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Bitcoin and other cryptocurrencies have surged in value in recent monthsJim Urquhart/Reuters

A roundup of what The Globe and Mail's market strategist Scott Barlow is reading today on the Web

Ask an economics professor "what is money" they will probably either roll their eyes or run away screaming – there are criteria, but no consistent theoretical definition.

For this reason, I have no longer-term predictions on the fate of bitcoin and cryptocurrencies. U.K. economist and pundit Hamish McRae has a more strident view,

"A bitcoin is worthless. Its price will crash and everyone who thought they had made fortunes will wake up with sore heads. Trouble is, it may go higher, perhaps much higher, before this happens."

"This bitcoin boom will end in tears" – Independent U.K.

"Animal Spirits: Bitcoin, Bubbles & Bananas" – Michael Batnick

"Bitcoin's price is collapsing and people can't trade because 2 big exchanges have crashed" – Business Insider

"Bitcoin swings from bull to bear and back in a day" – el-Erian, Financial Times


Crude prices are up about 50 cents at time of writing on OPEC's announcement it would extent member production cuts until the end of 2018,

"Oil ministers from OPEC member states and Russia have agreed to extend the current output cuts until the end of 2018, according to delegates in Vienna attending today's meeting. Speaking at the opening of the conference, Saudi Arabia Energy Minister Khalid al-Falih emphasized the continuing need to see global inventories fall"

"Five Things You Need to Know to Start Your Day" – Kelly, Bloomberg

"@tracyalloway OPEC's problem in a nutshell: US shale production means it's getting less bang for its output-cut buck. Via Deutsche Bank's Michael Hsueh: " – (research excerpt) Twitter


U.S. technology stocks took a beating yesterday, particularly chipmaker NVIDIA Corp, but Motley Fool thinks it's mostly institutional portfolio managers repositioning their holdings for 2018 before they disappear for the holidays,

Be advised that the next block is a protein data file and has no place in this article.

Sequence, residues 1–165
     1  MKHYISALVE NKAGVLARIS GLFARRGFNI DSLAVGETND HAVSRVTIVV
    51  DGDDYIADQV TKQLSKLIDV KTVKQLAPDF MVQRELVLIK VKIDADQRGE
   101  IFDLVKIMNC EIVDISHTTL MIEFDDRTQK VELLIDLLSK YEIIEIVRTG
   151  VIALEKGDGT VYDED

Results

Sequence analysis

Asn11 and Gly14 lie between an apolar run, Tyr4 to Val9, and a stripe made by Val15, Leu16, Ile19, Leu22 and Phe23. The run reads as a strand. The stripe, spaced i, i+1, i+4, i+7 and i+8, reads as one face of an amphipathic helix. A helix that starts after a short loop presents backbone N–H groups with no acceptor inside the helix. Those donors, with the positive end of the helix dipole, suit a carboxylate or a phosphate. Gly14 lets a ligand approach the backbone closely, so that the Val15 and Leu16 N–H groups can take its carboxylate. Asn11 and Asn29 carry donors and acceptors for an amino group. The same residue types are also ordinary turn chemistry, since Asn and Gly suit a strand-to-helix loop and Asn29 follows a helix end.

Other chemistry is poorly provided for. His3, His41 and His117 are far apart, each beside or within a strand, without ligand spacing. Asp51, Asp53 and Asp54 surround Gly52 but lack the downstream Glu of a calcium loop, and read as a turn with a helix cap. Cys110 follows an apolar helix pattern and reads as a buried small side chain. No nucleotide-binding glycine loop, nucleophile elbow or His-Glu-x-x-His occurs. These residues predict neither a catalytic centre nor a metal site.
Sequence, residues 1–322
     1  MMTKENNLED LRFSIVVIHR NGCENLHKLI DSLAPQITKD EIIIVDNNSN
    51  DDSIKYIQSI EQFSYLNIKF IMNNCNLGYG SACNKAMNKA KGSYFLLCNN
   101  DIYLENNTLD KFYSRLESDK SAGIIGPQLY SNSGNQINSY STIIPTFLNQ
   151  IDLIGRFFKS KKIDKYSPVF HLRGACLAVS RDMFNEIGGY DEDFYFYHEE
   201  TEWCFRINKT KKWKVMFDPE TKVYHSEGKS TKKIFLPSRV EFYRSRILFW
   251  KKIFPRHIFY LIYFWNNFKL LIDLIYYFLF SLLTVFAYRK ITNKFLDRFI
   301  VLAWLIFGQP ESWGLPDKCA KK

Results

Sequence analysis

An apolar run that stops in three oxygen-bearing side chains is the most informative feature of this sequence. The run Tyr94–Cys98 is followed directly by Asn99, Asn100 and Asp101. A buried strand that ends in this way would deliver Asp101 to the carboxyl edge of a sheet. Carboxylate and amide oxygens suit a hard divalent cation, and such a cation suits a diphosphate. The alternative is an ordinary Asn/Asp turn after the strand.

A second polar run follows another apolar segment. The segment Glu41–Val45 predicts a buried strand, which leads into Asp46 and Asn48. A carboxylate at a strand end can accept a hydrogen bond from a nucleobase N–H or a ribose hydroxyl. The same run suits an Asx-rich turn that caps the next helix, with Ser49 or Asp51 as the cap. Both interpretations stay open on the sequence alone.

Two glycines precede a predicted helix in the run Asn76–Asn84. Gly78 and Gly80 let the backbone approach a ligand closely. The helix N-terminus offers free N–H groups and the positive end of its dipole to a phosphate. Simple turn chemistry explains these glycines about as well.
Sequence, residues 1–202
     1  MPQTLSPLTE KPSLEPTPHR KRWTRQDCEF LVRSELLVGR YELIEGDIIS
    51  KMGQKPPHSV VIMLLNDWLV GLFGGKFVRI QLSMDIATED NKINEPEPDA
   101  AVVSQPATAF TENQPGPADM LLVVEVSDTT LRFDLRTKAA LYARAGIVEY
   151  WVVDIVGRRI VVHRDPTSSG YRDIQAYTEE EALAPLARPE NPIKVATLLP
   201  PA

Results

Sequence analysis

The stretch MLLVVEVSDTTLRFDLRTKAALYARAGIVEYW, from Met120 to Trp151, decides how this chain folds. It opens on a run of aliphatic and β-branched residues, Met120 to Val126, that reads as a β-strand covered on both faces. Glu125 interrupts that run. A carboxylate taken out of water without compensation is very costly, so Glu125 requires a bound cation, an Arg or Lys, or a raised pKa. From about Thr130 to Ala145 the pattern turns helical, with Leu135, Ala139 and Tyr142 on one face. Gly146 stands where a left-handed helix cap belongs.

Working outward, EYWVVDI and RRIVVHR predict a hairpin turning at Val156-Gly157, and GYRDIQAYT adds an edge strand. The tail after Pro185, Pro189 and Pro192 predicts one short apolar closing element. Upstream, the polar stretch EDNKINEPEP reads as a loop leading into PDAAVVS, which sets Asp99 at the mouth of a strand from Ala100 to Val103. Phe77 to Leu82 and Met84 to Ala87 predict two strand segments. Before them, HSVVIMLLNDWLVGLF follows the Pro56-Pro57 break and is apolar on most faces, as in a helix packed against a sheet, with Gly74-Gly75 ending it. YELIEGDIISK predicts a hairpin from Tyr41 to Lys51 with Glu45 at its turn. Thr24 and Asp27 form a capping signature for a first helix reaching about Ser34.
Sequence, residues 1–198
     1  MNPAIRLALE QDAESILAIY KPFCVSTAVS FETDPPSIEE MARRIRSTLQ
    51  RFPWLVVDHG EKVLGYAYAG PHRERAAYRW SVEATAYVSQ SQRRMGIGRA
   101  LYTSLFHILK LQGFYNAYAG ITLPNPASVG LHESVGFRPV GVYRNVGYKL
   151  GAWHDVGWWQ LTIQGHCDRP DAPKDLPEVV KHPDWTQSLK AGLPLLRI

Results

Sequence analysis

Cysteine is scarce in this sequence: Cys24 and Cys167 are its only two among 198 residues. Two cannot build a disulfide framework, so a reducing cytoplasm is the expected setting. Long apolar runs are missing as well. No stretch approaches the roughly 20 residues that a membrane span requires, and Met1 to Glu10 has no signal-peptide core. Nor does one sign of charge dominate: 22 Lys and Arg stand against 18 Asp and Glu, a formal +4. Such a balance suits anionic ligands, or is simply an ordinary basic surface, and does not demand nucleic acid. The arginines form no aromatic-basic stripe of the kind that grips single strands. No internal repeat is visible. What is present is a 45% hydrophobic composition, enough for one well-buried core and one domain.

"Sometimes, [managers] take profits or make a correction for no obvious reason. These corrections often happen toward the end of each calendar year, as investors both small and large rebalance their portfolios for the new year."

"Why Netflix, Facebook, and Micron Shares Plunged Today" – Motley Fool


Former investment banker (and diplomat) Edward Harrison is worried that all the good news is already priced into equity and credit markets, setting the stage for a correction,

"Market valuations reflect optimism about the economy, now and into the foreseeable future. In fact, I would argue that the signs of 'irrational exuberance' – or 'animal spirits' or whatever you want to call it – are all around us. In the US, this is true whether you look at high grade or high yield credit. And whether you look at bonds or equities."

"We are in the most dangerous period in the business cycle" – Credit Writedowns Pro


I was aware that the extent of global tax evasion by the wealthy was difficult to calculate, but, according to this Quartz report, the situation is much worse than I thought – no one has a clue,

"Look no further than the UK for an example of how crazy investment statistics are. The first name on its list of top foreign direct investors doesn't surprise—it's the world's biggest economy, the United States. Second place, however, isn't such a behemoth. According to British government stats, the Netherlands supposedly shoveled £139.8 billion ($186 billion), 28% of its GDP, into the UK in 2015… The Netherlands is not just a smallish European trading nation—it's also one of the world's biggest conduits for cash going to and from tax havens.'

"Why we can't trust basic economic figures" – Quartz


Tweet of the Day: "@ReutersJamie Death by a 1,000 hikes? "If it took 700 rate cuts globally to take us to the nadir in rates, it is no exaggeration that over the next decade, we could see perhaps 1,000 rate hikes globally. Exciting challenges lie ahead for both policy makers and investors alike." JPM's David Tan" – Twitter

Diversion: "The Surgeon Who Wants to Connect You to the Internet with a Brain Implant" – M.I.T. Technology Review

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